The Ridgeway is Britain’s oldest ‘road’ that connects the Northwest with Central England and has been in constant use for over 5,000 years. Once upon a time, this was a busy Neolithic ‘highway’ that stretched across the country from Dorset to Norfolk. The Ridgeway is a classic example that England has so much more to offer than just London and the other big cities. Walking the Ridgeway and discovering its historic sites is certainly an amazing experience and this article will show you why.
The Wiltshire Ridgeway
The Wiltshire Ridgeway is an 85-miles-long path that stretches over four different counties and was the main trading route during the Bronze Age. Walking this ancient path and realizing that people have been doing the exact same thing you’re doing now for thousands of years truly is a spectacular feeling.
This is the oldest footpath in all of Britain and it’s a great choice for both, country-side lovers and history buffs. Along the way, not only will you enjoy some spectacular countryside landscapes but will also find a lot of ancient sites and remnants.
Wiltshire: Things to See in the Area
Wiltshire is exceptionally rich in historic sites, and one of the most famous ones is certainly Silbury Hill. This is the largest man-made prehistoric mound in Europe. It’s 40 meters tall (130 feet) and a similar size to the Egyptian pyramids in Giza. How this mound was built remains a mystery even today. After more than 200 years of investigation, nobody has been able to come up with a logical answer to the question “Why was the Silbury Hill built”? Early investigators assumed it was used as a burial chamber but all attempts to prove this theory failed.
Ogbourne St. George on the Ridgeway
It would be wise to stay somewhere reasonably close to the path if you want to make the most of your time and the small village of Ogbourne St. George is a perfect choice. The Ridgeway Path starts right here in this small village famous for the Avebury Stone Circles. Ogbourne St. George is only a ten-minutes bus ride from the charming old town of Marlborough and also not far from Avebury, which is a must-see for every visitor in the region.
Famous for its prehistoric circle of giant stones, Avebury is always overshadowed by its more famous Stonehenge counterpart. However, one thing Avebury allows and Stonehenge doesn’t is that you can wander around the stones freely and touch them. Another thing many people forget is that Avebury has the largest stone circles in Britain. Actually, the whole village of Avebury is built inside these stone circles.
The small town of Marlborough is located only a ten-minute bus ride away from Ogbourne St. George. The legend says Marlborough hides the resting place of Merlin, King Arthur’s sorcerer. Marlborough’s convenient location makes it a perfect stop if you want to get a break from waking the Ridgeway. The town has a lot of shops and restaurants and you the mound where Merlin is said to be buried.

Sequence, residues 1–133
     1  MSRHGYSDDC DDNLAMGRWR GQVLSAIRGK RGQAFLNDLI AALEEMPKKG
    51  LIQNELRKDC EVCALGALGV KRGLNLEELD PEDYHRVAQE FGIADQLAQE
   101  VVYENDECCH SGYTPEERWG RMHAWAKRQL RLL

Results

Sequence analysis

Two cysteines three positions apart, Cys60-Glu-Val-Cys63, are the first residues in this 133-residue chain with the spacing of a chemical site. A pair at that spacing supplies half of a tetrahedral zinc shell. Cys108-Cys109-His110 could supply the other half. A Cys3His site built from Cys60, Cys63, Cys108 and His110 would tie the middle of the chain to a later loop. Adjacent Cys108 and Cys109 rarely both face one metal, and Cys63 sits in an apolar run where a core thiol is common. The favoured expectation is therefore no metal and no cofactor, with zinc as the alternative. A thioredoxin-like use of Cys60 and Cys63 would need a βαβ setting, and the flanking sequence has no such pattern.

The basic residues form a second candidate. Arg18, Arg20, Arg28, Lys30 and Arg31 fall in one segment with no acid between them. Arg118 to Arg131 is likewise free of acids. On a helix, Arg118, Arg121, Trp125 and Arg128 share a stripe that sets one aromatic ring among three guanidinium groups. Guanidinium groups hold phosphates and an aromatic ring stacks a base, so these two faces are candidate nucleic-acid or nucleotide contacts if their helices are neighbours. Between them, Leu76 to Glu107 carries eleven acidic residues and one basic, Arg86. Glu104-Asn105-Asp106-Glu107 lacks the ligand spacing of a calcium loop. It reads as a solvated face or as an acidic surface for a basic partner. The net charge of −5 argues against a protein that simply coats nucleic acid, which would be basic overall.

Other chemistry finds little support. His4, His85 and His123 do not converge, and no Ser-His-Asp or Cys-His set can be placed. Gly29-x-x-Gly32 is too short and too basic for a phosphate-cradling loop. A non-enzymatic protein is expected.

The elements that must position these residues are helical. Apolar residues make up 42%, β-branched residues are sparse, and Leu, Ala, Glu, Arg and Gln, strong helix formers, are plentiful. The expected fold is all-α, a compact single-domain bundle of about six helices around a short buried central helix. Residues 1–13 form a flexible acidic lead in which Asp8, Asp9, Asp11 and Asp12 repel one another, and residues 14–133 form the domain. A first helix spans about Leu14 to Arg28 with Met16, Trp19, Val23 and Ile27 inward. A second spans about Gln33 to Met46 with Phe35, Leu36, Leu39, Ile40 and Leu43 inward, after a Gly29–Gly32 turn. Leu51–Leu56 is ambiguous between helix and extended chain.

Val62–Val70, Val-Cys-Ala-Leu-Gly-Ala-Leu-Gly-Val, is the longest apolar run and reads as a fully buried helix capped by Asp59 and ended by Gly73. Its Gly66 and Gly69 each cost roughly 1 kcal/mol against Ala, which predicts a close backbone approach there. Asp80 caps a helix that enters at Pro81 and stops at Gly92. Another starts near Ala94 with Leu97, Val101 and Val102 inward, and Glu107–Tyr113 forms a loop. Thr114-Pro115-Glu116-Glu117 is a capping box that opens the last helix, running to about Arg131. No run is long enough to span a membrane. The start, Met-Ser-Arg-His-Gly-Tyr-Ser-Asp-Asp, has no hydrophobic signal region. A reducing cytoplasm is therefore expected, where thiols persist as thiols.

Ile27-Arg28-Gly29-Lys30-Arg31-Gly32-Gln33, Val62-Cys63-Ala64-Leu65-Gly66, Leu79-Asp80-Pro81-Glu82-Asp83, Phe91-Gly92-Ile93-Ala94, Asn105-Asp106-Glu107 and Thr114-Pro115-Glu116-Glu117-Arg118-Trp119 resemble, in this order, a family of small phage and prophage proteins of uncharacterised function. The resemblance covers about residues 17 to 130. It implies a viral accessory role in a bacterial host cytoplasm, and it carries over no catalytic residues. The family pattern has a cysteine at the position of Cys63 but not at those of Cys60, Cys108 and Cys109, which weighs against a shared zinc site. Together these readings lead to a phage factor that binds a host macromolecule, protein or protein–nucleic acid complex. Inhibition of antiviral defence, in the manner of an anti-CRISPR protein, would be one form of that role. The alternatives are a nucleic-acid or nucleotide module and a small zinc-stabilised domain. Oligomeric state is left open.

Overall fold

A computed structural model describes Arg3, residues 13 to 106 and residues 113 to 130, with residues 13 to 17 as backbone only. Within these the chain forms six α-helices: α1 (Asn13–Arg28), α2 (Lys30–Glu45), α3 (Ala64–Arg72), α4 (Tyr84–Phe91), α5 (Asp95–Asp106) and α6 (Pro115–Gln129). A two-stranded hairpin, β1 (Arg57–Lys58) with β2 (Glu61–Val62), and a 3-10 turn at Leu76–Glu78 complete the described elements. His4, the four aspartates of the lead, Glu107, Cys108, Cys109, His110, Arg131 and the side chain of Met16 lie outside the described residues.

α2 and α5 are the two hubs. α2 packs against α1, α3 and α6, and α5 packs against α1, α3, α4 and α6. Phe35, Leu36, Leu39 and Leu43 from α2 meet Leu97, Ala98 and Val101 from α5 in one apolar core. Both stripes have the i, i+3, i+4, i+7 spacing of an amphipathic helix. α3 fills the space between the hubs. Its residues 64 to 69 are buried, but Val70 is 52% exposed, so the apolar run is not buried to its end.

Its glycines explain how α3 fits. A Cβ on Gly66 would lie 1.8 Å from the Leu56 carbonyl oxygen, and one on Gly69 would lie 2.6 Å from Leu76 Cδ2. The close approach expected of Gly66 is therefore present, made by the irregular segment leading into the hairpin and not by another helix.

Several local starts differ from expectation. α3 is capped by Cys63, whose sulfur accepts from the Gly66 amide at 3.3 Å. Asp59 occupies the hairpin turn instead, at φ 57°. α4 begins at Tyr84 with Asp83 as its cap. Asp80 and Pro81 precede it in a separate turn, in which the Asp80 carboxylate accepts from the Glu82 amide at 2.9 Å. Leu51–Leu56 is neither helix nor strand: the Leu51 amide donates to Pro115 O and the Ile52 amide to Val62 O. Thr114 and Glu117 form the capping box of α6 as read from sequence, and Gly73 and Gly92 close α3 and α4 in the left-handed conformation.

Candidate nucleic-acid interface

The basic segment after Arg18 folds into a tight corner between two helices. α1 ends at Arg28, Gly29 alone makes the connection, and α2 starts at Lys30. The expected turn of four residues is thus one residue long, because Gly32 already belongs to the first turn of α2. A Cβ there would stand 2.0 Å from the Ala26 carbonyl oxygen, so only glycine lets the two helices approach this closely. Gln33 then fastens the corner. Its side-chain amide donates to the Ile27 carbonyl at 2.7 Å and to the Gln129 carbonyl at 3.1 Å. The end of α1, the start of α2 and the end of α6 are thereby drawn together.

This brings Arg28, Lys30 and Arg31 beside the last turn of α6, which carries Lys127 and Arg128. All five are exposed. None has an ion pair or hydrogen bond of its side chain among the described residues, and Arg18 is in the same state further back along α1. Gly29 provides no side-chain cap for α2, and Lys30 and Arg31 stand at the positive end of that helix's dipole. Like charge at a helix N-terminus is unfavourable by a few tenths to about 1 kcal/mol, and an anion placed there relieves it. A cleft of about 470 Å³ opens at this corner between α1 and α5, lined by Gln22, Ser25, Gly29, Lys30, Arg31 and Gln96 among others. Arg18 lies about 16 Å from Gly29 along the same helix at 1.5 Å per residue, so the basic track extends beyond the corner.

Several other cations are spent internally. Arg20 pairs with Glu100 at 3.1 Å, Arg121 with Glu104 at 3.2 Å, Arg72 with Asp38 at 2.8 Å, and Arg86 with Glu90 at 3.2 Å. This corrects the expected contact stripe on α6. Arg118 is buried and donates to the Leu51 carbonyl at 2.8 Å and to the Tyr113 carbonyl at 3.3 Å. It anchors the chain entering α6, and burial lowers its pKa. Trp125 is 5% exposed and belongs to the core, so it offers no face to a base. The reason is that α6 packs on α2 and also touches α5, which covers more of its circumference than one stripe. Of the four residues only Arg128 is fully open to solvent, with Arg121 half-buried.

Wayland’s Smithy is an iconic historic thumb located near the Uffington White Horse. Archeologists have established that it was built shortly after the introduction of agriculture to Europe. That means that Wayland’s Smithy is more than 3,500 years old. At first sight, it looks like a long barrow, an architectural tradition widespread across Neolithic Europe. However, Wayland’s Smithy belongs to a localized variant of barrows created in the south-west of Britain. This group of monuments is known as the Severn-Cotswold group. Out of these, Wayland’s Smithy is the most preserved one which makes its historic importance even greater.
The White Horses of Northwest England
Sitting on the edge of Bratton Downs below the Iron Age hill fort, this white horse is one of the most spectacular hill figures in Britain and is the oldest of six white horses carved in Wiltshire. These figures were formed by cutting away the turf from the hillside to expose the underlying chalk. This practice became very popular in Britain in the 19th century but some of these figures are rather ancient. One example is the Uffington Horse (in Oxfordshire) are rather ancient being more than 2,000 years old.
Ivinghoe Beacon and the Chiltern Hills
The Chiltern Hills form the most spectacular, undulating path of woodland and wide chalk downs in the country. Locally known as the Chilterns, this uncrowded, green English countryside is the perfect place if you’re looking for rest and relaxation. There’s always something new to be discovered in these pristine 324 square miles of superb scenery, remote villages and charming market towns.
Moreover, Ivinghoe Beacon is the icing on the cake. This local icon stands at 250 meters above sea level and serves as an imposing gateway to the rolling hills of the Chilterns. Even though it’s not the highest point on the Ashridge Estate, it’s certainly the best place to enjoy the spectacular views of the surrounding countryside.
As the oldest path in Britain, the Ridgeway has a rich history. During the Neolithic and Bronze Era, the Ridgeway was a busy trading path. In the Dark Ages, The Ridgeway was the main route for the Saxons and Vikings during their advances into Wessex. That’s why today you will find a lot of interesting historic sights from many different eras. However, that’s not the only reason to visit. Camping under the open sky and enjoying the stunning landscapes you’ll encounter on the way is certainly something that makes walking the Ridgeway a must-do experience during your trip to England.